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Memorandum for Assistant Chief of Staff, G-1 [Henry]
August 19, 1945 [Washington, D.C.]
The following thought occurred to me, and I wish you would see if it has any practicable application.
We denuded the colleges in order to keep up the strength of the Army and to improve the quality of Infantry non-commissioned leadership.1 The continuation of the draft at the 50,000 figure with the largest proportion in age groups coming from 18 year olds means that we continue to make it impossible for the small colleges and particularly the military institutions of the college type to get under way under any approximated peacetime conditions.
Meanwhile, the Navy operating on the 17-year old group and giving advance education to this group, which they are now free to project into the 18-year old group, makes it possible for such institutions to function to some degree as in time of peace. This, of course, means inevitably a very favorable attitude toward the Navy and a very hostile attitude toward the Army. Considering the fact that so many college leaders are opposing us as to universal military training, the prospects are not alluring.
I would like you to see when, for example, the men now being drafted must arrive overseas if we are not to have a delay in the return of the veteran soldiers. Transportation is going to be the limiting factor for those returning to the United States. In other words, when will the transportation permit us to bring home men if we have replacements available overseas? In connection with this we may propose a certain under strength for occupation forces in Europe for the time being. For example, a divisional strength of 12,000 might be tolerated for a period without any serious possibilities in connection with the maintenance of our position. Possibly even 11,000 might be the figure for the time being.
What I am getting at is the possibility of permitting the 18-year old men who are now in college and who will be drafted to be continued at college along the line they are engaged in, if it is one suited to our requirements—engineers, communications, medical, etc.
We have, I believe, certain 17 year old men in college. Now if their courses have any connection with Army usage, might we not permit their retention in those courses for a certain period of time? If an announcement to this effect were made immediately, it could be put into effect by the schools for the approaching term.
Please look into this from the various points of view and be prepared to talk to me informally regarding it Monday afternoon.2
Document Copy Text Source: George C. Marshall Papers, Pentagon Office Collection, Selected Materials, George C. Marshall Research Library, Lexington, Virginia.
Document Format: Typed memorandum.
1. The virtual dissolution of the Army Specialized Training Program (A.S.T.P.) in February 1944 permitted Army Ground Forces to obtain seventy-three thousand formerly deferred college men. (See Papers of George Catlett Marshall, #4-241 [4: 286-89], and #4-261-#4-262 [4: 308-11].) The army’s official history on enlisted personnel procurement observed that the A.S.T.P. had been “a series of disillusionments” to the trainees. Moreover, “among civilian educators participating in the ASTP the abrupt termination of their efforts, though accepted as a military necessity, was difficult to understand. It seemed arbitrary, after repeated declarations by the War Department of the importance of specialized training, suddenly to snatch away the young men undergoing such training, a select group numbering only 2 percent of the Army, for conversion into infantry privates.” A key problem was that “the ground combat arms had been persistently denied a proportionate share of high-intelligence personnel” before 1944, and the expansion of ground fighting in late 1943 “made the consequences fully apparent.” (Robert R. Palmer, “The Procurement of Enlisted Personnel: The Problem of Quality,” in Robert R. Palmer, Bell I. Wiley, and William R. Keast, The Procurement and Training of Ground Combat Troops, a volume in the United States Army in World War II [Washington: GPO, 1948], pp. 39, 77.)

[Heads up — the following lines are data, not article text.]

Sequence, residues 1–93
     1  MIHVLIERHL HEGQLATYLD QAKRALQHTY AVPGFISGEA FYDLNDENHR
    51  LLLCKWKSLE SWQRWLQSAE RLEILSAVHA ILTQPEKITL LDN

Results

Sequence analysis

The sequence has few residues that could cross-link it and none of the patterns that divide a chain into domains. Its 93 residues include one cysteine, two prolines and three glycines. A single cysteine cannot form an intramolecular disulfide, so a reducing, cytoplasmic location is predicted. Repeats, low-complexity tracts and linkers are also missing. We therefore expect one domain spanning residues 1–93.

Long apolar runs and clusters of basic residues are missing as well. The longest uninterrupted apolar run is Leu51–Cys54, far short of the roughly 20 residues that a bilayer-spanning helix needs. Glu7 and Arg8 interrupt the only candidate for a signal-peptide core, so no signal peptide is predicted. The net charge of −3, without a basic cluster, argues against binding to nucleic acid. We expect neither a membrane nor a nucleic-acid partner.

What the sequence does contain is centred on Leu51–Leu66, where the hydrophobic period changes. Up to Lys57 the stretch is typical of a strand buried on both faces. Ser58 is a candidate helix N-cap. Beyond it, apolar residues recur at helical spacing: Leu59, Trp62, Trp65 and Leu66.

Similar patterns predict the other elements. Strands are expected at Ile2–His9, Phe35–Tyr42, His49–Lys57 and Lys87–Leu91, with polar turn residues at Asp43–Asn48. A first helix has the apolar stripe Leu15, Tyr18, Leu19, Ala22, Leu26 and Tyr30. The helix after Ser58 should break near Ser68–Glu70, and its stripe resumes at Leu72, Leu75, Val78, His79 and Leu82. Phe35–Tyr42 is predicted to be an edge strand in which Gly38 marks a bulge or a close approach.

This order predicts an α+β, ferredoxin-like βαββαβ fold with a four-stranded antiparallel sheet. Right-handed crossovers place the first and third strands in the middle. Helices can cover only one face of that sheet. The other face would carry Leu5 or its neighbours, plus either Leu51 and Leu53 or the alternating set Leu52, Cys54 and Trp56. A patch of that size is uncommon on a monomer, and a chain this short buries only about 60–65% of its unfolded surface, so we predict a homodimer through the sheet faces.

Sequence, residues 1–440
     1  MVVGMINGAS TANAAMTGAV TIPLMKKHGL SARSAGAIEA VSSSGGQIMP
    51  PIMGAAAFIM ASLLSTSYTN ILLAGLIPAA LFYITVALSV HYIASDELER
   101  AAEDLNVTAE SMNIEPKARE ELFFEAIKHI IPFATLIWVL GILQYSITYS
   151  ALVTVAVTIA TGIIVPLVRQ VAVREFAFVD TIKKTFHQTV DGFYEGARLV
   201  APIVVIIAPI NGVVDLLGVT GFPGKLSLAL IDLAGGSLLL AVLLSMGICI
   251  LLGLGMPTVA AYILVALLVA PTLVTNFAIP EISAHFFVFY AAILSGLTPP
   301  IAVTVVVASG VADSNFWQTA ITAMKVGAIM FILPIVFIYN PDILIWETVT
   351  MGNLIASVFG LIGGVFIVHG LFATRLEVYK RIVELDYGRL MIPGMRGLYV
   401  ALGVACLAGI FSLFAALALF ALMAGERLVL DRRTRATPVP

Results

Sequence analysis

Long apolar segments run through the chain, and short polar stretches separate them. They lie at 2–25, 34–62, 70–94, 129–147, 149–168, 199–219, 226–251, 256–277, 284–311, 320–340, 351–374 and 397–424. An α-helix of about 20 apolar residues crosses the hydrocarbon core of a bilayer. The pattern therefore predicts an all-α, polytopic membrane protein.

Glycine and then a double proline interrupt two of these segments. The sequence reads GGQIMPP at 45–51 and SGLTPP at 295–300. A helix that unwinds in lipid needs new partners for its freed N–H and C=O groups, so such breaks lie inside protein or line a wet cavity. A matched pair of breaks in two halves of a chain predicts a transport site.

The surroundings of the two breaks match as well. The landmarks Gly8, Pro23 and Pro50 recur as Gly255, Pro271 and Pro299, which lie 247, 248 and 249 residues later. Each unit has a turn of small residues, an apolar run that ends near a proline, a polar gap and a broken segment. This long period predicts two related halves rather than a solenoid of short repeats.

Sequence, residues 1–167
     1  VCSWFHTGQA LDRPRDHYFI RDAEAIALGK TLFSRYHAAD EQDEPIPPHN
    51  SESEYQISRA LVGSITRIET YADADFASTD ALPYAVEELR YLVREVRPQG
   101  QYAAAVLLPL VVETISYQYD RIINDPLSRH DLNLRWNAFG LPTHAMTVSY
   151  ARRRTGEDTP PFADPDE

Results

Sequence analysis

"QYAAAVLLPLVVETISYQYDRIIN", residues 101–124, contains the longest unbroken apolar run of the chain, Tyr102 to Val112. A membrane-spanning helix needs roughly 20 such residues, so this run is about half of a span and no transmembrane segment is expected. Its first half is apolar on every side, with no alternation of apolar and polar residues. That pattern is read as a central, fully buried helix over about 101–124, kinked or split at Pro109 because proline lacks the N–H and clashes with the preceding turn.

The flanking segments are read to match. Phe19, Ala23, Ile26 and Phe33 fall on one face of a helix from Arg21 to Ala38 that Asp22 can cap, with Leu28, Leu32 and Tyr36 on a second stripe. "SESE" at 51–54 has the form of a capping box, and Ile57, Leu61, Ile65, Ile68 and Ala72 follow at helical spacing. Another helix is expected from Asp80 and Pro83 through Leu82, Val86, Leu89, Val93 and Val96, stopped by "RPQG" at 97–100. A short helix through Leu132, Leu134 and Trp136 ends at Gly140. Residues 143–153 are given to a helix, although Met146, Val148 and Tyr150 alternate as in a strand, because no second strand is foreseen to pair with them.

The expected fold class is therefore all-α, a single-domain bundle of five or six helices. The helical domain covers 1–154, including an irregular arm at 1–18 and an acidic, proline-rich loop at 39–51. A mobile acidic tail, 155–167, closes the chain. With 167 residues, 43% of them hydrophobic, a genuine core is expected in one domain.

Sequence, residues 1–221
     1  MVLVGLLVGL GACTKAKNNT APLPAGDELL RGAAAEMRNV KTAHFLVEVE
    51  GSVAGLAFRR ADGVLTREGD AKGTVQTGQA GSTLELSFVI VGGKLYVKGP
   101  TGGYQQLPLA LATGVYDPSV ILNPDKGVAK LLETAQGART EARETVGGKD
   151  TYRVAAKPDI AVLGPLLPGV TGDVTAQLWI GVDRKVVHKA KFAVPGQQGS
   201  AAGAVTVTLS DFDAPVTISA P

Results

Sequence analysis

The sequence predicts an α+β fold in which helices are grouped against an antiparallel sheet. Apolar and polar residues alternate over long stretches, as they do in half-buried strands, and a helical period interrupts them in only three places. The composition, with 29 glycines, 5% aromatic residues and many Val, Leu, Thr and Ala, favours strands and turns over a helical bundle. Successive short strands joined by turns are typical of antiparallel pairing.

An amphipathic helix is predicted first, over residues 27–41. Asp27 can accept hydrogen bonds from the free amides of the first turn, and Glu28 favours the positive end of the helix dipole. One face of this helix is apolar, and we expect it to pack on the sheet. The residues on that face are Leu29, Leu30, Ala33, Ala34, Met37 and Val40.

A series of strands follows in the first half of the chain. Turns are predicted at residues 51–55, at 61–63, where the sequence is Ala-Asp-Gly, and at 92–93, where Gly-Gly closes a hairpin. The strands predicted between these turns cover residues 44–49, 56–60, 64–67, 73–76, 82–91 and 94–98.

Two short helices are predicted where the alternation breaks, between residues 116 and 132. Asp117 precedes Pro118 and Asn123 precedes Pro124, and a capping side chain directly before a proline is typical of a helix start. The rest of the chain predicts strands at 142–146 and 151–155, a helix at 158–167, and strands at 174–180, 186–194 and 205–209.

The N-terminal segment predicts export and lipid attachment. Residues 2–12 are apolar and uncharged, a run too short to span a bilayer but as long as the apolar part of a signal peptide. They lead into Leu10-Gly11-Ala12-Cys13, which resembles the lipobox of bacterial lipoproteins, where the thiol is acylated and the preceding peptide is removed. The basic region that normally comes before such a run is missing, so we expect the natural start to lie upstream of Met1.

2. Selective Service System regulations were amended on September 18, 1945, to provide a more liberal policy regarding deferments for high school and college students. In May 1946, Congress prohibited drafting eighteen- and nineteen-year-olds. (U.S. Selective Service System, Problems of Selective Service, Special Monograph No. 16, vol. 1 [Washington: GPO, 1952], pp. 153-54.)
Recommended Citation: ThePapers of George Catlett Marshall, ed.Larry I. Bland and Sharon Ritenour Stevens(Lexington, Va.: The George C. Marshall Foundation, 1981- ). Electronic version based on The Papers of George Catlett Marshall, vol. 5, “The Finest Soldier,” January 1, 1945-January 7, 1947 (Baltimore and London: The Johns Hopkins University Press, 2003), pp. 280-281.